In general, imaging is not only superior to and provides more clinical information than exercise ECG alone, but can improve outcomes by identifying patients at risk with comparable cost effectiveness. Stress echocardiography has higher specificity, but radionucleotide imaging has greater sensitivity, with stress echocardiography being more cost-effective.

The Duke treadmill score can provide an additional method of evaluating the patient that has received an exercise ECG. The treadmill score is the exercise time minus (5 x ST elevation in mm) minus (4 x exercise angina); where 0 = no angina, 1 = nonlimiting angina, and 2 = exercise-limiting angina. Low risk is a score of 5 or higher, moderate risk is -10 to +4; and high risk is -11 or lower.

The indications for radionucleotide perfusion or echocardiographic imaging and not exercise electrocardiography are:

1. Complete left-bundle branch block.

2. Paced ventricular rhythm.

3. Wolff-Parkinson-White pre-excitation syndrome or other conduction abnormalities.

4. Patients with greater than 1 mm of ST-segment depression at rest.

5. Patients with angina who have undergone bypass surgery or stenting, in whom ischemic localization, myocardial viability, or severity of obstructive lesions is desired.

The standard echocardiogram can give the clinician invaluable information in managing the diabetic and the hypertensive patient. Quantification of valvular regurgitation and assessment of valvular stenosis and incompetence can be of value in determining appropriate therapy for hypertension (19).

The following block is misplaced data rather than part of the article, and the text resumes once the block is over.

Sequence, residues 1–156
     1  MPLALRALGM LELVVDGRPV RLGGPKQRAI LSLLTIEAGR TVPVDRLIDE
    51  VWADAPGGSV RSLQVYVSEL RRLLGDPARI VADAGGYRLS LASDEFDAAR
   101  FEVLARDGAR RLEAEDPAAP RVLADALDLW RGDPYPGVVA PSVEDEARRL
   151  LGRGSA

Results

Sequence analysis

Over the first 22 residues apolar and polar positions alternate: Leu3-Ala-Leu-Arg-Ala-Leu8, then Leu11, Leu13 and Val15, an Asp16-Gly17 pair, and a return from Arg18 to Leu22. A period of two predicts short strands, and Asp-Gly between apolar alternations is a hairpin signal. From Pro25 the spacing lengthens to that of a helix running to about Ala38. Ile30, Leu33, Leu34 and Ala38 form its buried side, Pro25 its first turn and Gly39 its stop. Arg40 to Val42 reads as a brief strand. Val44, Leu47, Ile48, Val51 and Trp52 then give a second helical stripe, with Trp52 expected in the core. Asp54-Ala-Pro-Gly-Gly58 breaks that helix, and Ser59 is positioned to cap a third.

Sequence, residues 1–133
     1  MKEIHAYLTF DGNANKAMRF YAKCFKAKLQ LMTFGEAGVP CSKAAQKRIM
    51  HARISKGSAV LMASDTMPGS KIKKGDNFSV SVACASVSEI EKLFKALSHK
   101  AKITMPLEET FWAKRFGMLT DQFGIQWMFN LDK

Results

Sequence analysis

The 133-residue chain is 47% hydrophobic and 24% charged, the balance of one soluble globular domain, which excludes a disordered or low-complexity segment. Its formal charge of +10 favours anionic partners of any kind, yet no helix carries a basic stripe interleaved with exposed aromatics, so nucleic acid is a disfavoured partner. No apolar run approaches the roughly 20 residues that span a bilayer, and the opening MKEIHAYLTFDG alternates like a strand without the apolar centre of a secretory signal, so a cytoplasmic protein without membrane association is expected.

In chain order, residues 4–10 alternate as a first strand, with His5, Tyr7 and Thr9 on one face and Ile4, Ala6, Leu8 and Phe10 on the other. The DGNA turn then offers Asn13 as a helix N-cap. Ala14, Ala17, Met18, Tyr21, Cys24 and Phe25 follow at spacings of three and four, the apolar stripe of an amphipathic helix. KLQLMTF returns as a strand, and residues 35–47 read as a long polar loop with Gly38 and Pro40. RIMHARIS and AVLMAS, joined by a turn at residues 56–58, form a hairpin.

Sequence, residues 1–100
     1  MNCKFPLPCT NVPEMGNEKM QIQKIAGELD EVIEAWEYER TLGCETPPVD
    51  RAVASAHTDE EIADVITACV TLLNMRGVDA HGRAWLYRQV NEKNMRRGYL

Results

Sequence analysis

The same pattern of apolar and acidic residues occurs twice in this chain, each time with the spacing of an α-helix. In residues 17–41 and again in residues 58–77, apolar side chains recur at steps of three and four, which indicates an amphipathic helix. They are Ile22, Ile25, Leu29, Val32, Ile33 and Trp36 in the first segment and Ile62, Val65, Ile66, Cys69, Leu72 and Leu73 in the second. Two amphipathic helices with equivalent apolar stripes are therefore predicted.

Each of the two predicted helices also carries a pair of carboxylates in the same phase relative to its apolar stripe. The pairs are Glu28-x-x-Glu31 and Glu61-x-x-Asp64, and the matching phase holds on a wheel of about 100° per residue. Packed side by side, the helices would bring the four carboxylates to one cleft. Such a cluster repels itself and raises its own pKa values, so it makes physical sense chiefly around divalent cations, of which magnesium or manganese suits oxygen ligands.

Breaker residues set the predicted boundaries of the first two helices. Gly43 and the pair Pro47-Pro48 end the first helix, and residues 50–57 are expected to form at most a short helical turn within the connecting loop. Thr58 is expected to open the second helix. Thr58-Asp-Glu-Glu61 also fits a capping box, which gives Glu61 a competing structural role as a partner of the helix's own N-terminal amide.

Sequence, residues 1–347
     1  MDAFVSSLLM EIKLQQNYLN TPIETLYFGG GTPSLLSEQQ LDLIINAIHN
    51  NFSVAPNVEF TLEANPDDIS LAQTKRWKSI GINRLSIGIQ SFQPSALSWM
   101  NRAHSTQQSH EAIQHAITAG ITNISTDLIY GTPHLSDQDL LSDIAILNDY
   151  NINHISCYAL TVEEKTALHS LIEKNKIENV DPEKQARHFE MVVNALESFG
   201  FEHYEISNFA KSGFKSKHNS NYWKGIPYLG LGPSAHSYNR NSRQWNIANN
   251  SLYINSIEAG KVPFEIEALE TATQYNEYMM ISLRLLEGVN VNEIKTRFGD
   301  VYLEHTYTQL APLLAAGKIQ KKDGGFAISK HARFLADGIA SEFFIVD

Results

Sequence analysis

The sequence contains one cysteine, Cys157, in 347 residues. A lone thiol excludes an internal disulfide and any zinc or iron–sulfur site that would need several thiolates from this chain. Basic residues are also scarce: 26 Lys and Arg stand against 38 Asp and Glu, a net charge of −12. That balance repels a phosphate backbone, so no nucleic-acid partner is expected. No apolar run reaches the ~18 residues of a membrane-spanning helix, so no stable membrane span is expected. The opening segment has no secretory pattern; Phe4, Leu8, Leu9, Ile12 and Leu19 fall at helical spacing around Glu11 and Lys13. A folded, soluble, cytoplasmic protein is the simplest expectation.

Assessment of diastolic function by measuring the isovolumetric relaxation time, the deceleration time, the E/A ratios, and the transmitral gradients can help determine the degree of diastolic impairment and serve as a baseline for therapeutic endeavors. These are defined as follows:

1. The isovolumetric relaxation time is the time interval between closure of the aortic valve and the opening of the mitral valve.

Table 2

General Guidelines for Exercise Training in Diabetes

1. Warm up and cool down of 5-10 min each.

• Judicious use of stretching, calisthenics, and low-level aerobic exercise, such as walking or cycling.

2. Types of exercise

• Aerobic: walking, cycling, swimming, and rowing.

• Resistance: weight lifting with machines rather than free weights for safety and ease of use.

3. Intensity

• Aerobic exercise at 55-79% of maximum heart rate for those with multiple risk factors and 55-60% of maximum heart rate for those with low level of fitness.

Resistance training: 8-10 exercises at 30-50%, with one repetition maximum. Minimum of one set of 12-15 repetitions, with workload increasing when 15 repetitions can be done without difficulty.

4. Duration

• Aerobic exercise for 30-45 min

(e.g., treadmill walking at the desired target heart rate for 30 min).

• Resistance training: 20 min for each set of exercises.

5. Frequency

• Aerobic exercise should be done three to four times a week.

• Resistance exercise should be done at least twice a week.

N.B. Exercise stress testing should be performed before any patient embarks on a structured program of exercise.

2. The deceleration time represents the interval between the peak of the E-wave and the return of early diastolic flow velocity to base line.

3. The E-wave represents the rapid filling phase of left ventricular diastole. The A-wave represents atrial systole.

4. The transmittal gradient is the gradient across the mitral valve.